SPICE Study of STDP Characteristics in a Drift and Diffusive Memristor-Based Synapse for Neuromorphic Computing

Suman Hu, Jaehyun Kang, Taeyoon Kim, Suyoun Lee, Jong Keuk Park, Inho Kim, Jaewook Kim, Joon Young Kwak, Jongkil Park, Gyu Tae Kim, Shinhyun Choi, Yeonjoo Jeong

Research output: Contribution to journalArticlepeer-review

1 Citation (Scopus)


Neuromorphic hardware is a system with massive potential to enable efficient computing by mimicking the human brain. The novel system processes information using neuron spikes (Action Potentials) and the synaptic connections between neurons are trained using biologically plausible methods like spike-timing-dependent plasticity (STDP). Memristor is one of the promising candidates to implement such neuromorphic hardware. Two types of memristors, diffusive and drift, have been proposed to form a synapse showing faithful emulation of STDP, where the diffusion effect is used to trace the spike timing history crucial for STDP and the drift memristor keeps the weight information in a longer time scale. The purpose of this paper is to systematically investigate STDP characteristics in such a synapse with serially connected two memristors using SPICE models. The results show that STDP properties are strongly dependent on device parameters and even the shape of STDP curves is modified. Different shapes of the STDP curve were identified. The results and analysis could support the design of emerging device-based synapses, which can faithfully mimic biological STDP characteristics for future neuromorphic systems.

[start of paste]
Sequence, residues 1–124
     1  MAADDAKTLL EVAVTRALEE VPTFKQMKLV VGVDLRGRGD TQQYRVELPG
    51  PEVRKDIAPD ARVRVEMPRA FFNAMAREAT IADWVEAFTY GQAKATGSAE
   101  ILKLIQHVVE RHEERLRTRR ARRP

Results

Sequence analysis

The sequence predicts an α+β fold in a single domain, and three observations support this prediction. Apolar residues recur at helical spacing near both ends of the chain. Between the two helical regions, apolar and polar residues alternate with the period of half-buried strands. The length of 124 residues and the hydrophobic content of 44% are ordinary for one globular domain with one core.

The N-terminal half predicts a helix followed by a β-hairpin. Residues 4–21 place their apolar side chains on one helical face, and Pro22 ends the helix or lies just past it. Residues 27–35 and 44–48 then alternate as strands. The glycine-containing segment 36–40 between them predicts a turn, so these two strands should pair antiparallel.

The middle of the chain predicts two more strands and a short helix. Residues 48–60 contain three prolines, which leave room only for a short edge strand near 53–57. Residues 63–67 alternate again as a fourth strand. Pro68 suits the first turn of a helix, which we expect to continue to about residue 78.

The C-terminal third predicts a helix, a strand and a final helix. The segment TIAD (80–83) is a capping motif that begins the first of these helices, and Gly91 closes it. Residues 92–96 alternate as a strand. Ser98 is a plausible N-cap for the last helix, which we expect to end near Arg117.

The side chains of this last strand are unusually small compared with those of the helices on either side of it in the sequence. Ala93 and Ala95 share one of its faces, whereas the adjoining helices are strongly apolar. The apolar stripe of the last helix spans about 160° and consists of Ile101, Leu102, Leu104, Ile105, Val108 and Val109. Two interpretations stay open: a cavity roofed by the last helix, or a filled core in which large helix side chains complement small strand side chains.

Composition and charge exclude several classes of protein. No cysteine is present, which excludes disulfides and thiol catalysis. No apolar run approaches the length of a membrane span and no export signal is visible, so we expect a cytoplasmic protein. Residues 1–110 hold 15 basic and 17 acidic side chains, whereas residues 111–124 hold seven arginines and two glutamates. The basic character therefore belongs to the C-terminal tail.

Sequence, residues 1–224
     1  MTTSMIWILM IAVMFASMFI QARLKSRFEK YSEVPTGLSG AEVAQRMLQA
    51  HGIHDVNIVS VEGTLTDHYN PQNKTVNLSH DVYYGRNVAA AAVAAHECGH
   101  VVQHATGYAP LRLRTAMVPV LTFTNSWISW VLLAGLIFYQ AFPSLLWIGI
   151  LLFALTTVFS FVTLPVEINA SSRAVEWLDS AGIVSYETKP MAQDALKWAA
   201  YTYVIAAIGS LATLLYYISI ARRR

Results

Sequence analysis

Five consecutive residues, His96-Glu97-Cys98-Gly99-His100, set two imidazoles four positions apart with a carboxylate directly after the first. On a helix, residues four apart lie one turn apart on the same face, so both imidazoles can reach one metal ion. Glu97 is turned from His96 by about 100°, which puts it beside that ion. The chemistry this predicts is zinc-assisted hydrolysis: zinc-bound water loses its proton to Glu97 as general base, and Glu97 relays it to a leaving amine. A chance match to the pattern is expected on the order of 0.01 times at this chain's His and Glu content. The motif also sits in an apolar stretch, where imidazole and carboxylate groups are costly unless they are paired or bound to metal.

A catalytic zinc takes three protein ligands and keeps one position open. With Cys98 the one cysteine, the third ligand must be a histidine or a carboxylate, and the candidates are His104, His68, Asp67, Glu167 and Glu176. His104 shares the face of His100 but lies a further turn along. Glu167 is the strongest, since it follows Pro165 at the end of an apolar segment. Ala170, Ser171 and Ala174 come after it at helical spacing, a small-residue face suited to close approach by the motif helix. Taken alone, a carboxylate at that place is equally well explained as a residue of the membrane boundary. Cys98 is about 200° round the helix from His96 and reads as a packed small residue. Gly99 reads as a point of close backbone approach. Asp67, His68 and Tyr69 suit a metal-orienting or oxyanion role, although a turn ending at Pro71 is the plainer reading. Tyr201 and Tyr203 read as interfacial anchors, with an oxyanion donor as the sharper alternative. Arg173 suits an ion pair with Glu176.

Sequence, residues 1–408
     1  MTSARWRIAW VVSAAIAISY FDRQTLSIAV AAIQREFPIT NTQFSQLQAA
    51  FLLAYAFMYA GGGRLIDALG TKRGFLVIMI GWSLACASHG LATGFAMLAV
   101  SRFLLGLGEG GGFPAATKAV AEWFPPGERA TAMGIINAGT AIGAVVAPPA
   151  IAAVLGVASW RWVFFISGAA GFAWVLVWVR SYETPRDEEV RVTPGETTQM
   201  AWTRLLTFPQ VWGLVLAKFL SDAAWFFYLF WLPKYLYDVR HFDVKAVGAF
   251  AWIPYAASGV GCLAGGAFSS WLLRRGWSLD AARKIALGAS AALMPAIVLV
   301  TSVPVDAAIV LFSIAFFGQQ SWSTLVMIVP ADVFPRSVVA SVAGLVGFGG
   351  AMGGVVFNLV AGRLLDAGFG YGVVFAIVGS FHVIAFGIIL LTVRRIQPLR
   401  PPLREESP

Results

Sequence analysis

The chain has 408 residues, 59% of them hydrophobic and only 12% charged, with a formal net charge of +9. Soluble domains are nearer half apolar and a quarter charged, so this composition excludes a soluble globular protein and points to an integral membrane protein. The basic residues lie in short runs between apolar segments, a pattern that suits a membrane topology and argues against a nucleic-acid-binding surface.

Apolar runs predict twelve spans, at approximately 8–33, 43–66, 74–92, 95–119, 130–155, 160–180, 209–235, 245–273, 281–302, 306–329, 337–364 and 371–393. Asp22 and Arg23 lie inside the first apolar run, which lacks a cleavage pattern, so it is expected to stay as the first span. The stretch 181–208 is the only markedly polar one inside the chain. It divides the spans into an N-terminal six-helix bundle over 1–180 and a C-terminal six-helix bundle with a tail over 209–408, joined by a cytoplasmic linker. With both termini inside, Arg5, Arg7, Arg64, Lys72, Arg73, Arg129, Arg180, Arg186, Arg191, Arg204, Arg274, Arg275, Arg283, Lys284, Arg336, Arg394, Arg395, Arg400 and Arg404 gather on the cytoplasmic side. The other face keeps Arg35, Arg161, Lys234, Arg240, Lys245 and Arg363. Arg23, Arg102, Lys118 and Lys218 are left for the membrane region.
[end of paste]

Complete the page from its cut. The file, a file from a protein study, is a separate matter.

Original languageEnglish
Pages (from-to)6381-6392
Number of pages12
JournalIEEE Access
Publication statusPublished - 2022

Bibliographical note

Publisher Copyright:
© 2021 IEEE.


  • Ca2+
  • SPICE simulation
  • STDP
  • diffusive memristor
  • drift memristor
  • hump
  • voltage division

ASJC Scopus subject areas

  • General Computer Science
  • General Materials Science
  • General Engineering


Dive into the research topics of 'SPICE Study of STDP Characteristics in a Drift and Diffusive Memristor-Based Synapse for Neuromorphic Computing'. Together they form a unique fingerprint.

Cite this